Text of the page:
But Duvalier had a snag in his plan, and was asked to come to the Parquet (or courthouse) to be questioned.  There a judge opened an investigation into charges that he embezzled funds, took part in corruption, and other dastardly things before being released while the investigation continues.  In Haiti, charges are proposed and then investigated by a judge who decides whether those charges should be brought to court.  That investigation could take up to three months, after which a proper trial would begin.

The problem is that the statute of limitations in Haiti is between 10 and 20 years, and because he’s been gone for 25, it may be impossible to hold him accountable for many of the crimes he committed during his dictatorship.  Amnesty International thinks differently.  “There is no statute of limitations on crimes against humanity,” explained Gerardo Ducos at a news conference on Friday, “Duvalier needs to be held accountable for his crimes now so that others don’t think they can get away with this in the future.”  He’s right, but unfortunately for him there appears to be a major disconnect between how the Haitian people perceive Duvalier’s return, and how the international community perceives it.


“I think it’s a great thing,” explained one resident of the Petionville golf course tent camp speaking about the former-dictator’s return to Haiti, “When he was here there were jobs, the streets were clean, and there was no crime.  The country was good back then.”   And while there is no doubt that Duvalier was a tyrannical leader, killing anyone who objected to his way of ruling, the people here see those times as better than it is now.  “Preval has ruined this country,” he explained, “we should have Duvalier as our president now, he could bring change.”

And this message is echoed throughout the city.  Even our landlady, whose father was killed by the Duvalier regime, considers his return as insignificant.  “It’s just a distraction,” she explained, “We have so many other bigger problems to deal with, why would he come now and make things complicated?”  And she’s right.  The reality is that this story has distracted the country, and the world, from the more pressing issues that this country is facing right now.

Two weeks ago the Organizations of American States (OAS) concluded a review of the presidential election results saying that the Preval-backed candidate, Jude Celestin, should be excluded from the second-round run-off, and that Michel Martelly should be inserted in his place.  Since that announcement, Preval has come out and said that the review is just a suggestion, and it doesn’t need to be followed, and now the country is still waiting for the Provisional Electoral Committee (CEP) to announce who will actually be going on to the next round.  According to the UN, the final election results will be announced on January 31st, and Martelly said in a new conference on Friday that if the CEP doesn’t go with the OAS’s recommendation, then his people will be back on the streets fighting for their vote. (We all remember how awesome that was…)


All of this coupled with the United States ambassador to the UN, Susan Rice, coming out and saying that if the OAS review is not implemented then both US funding, and possibly funding from the UN, for future aid projects could be withdrawn means that this country is on the verge of another collapse.  Add the ongoing cholera epidemic and the continuous need to help those left homeless from the earthquake, and this whole Duvalier thing seems more and more ridiculous.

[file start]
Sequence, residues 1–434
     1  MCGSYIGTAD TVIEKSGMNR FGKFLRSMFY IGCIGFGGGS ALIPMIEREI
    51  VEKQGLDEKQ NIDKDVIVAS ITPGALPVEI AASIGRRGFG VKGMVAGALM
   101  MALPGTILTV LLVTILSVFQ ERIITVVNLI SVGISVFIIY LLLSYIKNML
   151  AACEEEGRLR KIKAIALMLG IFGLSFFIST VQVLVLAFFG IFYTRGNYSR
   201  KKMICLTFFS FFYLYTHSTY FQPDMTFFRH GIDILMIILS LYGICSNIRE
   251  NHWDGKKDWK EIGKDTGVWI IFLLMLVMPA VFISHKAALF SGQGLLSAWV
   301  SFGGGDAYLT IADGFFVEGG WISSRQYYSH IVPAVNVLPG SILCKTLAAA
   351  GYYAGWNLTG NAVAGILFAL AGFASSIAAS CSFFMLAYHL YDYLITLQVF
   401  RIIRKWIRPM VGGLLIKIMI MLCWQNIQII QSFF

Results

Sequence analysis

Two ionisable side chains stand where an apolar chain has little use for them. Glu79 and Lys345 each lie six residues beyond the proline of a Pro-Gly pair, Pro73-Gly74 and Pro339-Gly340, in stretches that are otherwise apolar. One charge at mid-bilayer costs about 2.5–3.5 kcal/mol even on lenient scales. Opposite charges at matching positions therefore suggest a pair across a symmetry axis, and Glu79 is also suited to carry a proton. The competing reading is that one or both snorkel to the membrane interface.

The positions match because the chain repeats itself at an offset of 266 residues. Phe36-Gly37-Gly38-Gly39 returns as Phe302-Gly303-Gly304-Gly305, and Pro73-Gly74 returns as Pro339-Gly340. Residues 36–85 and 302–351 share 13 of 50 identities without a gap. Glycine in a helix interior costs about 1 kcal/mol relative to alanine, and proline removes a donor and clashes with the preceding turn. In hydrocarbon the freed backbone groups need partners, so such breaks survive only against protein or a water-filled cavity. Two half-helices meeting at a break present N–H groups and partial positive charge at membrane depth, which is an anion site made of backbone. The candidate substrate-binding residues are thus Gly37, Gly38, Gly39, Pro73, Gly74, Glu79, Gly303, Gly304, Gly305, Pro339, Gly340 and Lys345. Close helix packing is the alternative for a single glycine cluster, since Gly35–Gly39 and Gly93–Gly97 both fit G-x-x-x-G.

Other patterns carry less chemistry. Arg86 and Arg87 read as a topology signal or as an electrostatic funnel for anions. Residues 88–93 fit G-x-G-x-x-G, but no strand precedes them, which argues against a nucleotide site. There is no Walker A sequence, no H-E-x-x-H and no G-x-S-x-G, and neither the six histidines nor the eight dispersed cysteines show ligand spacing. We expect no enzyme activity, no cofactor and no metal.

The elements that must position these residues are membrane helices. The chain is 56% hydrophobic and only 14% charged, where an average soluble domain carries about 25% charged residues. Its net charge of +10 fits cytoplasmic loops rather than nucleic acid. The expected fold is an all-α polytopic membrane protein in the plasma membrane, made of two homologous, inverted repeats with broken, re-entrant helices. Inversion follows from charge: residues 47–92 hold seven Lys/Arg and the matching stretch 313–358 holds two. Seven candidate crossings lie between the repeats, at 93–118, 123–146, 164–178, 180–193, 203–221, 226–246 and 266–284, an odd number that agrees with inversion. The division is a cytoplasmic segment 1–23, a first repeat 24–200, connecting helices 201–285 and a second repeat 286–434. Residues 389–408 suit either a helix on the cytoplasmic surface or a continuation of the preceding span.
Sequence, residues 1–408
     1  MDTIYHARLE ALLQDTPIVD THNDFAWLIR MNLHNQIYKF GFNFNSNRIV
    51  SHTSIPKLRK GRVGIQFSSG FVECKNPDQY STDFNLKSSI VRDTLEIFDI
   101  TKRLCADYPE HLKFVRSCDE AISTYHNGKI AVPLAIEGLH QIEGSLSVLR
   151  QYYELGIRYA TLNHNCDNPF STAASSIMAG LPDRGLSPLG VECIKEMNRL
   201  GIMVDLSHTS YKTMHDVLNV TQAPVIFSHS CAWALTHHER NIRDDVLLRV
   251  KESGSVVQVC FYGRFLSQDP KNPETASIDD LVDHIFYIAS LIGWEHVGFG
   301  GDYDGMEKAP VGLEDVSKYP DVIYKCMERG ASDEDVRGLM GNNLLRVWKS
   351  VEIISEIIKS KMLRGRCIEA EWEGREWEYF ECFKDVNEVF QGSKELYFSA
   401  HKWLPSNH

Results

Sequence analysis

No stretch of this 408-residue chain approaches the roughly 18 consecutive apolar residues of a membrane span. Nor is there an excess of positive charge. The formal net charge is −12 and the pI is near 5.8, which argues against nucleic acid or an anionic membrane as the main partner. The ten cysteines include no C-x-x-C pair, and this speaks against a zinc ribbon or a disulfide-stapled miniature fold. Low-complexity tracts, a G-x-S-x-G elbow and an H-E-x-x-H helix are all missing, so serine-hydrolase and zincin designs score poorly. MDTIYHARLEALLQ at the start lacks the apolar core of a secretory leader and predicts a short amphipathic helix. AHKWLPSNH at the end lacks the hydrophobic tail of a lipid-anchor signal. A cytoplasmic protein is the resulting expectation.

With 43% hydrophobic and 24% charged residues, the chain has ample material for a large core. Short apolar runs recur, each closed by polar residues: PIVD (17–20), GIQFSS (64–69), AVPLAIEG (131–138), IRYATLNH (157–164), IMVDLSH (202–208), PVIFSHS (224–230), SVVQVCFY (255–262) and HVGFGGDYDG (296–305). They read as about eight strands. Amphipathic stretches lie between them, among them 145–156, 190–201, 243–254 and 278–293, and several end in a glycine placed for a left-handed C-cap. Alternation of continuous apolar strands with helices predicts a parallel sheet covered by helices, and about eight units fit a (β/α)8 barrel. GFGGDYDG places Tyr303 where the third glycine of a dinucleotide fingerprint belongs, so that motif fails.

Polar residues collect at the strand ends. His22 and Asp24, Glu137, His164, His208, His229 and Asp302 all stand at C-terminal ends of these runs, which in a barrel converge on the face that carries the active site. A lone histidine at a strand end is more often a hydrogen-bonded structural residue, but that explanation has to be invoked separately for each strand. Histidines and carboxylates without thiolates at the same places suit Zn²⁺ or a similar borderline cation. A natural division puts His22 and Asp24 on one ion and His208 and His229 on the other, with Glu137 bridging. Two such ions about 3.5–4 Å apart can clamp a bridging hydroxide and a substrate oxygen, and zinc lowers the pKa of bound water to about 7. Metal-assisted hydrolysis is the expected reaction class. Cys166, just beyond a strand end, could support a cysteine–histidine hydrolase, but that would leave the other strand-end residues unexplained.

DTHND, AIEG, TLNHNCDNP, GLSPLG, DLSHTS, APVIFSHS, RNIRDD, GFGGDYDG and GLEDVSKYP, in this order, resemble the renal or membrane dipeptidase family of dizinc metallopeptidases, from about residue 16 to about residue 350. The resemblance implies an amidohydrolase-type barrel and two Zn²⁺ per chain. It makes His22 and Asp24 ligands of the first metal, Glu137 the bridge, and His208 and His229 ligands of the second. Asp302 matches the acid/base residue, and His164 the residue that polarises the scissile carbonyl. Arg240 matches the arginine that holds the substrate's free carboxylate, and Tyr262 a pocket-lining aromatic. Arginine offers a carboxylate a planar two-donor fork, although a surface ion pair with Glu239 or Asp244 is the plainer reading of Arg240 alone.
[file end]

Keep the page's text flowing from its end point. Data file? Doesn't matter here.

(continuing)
So after 6 minutes of talking, Duvalier finished his statement, stood up, and walked away.  The moment we had been waiting for had come, and was now gone.  As he finished his statement, about two dozen Haitians erupted in applause behind us, having snuck in while we were focused on the former dictator’s first speech in Haiti in over 25 years.  Later they told reporters that they had been paid to show up and show their support for Duvalier, and that his people had let them in so they could cheer for the cameras.

Duvalier at Hotel

What this whole debacle has taught me is to keep my logic at the door when operating in Haiti, as nothing seems to make sense in any way that you would typically expect it to.  If you would have told me two weeks ago that Duvalier would be here now, I would have laughed and called you an idiot (in a nice way…of course).  If you would have told me that Preval would shrug off a review of the election results (that he asked to be conducted, BTW) and said they were simply a suggestion, I would have scoffed and said that would be stupid.  But now I’m forced to prepare for the illogical in a place that could really use some logic.  Now there are rumors that Aristide may return, which seems TOTALLY ridiculous, but now, not so unbelievable.  God forbid there was some structure here, god forbid there was some order.

According to Duvalier’s people, he will be staying in Haiti until the investigation into his past offenses are complete.  “Everything that has a beginning,” explained one of his advisers, “must have an end.”  But for Haiti, this is just another speed-bump on the road to recovery, and a soap-opera that is diverting the world’s attention when it’s needed elsewhere.  Hopefully the “end” will come sooner rather than later, so that we can focus on what’s important, and not on what’s not.  Holding Duvalier accountable for his crimes is a necessary step, but it shouldn’t take precedent to the recover effort, because the past is the past, and the future here is grim.

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A man looks to the skies while protesting the results of the November 28th elections in front of the presidential palace.

Today is Sunday, which means most Haitians are in church.  Instead of the chants of political protesters, you hear the chants of churches filled with songs and prayer, which is a nice change of pace.  The city was open again today, so we made another trip to the grocery store to stock up on extra non-perishable foodstuffs, and even made it to La Reserve to watch a little football.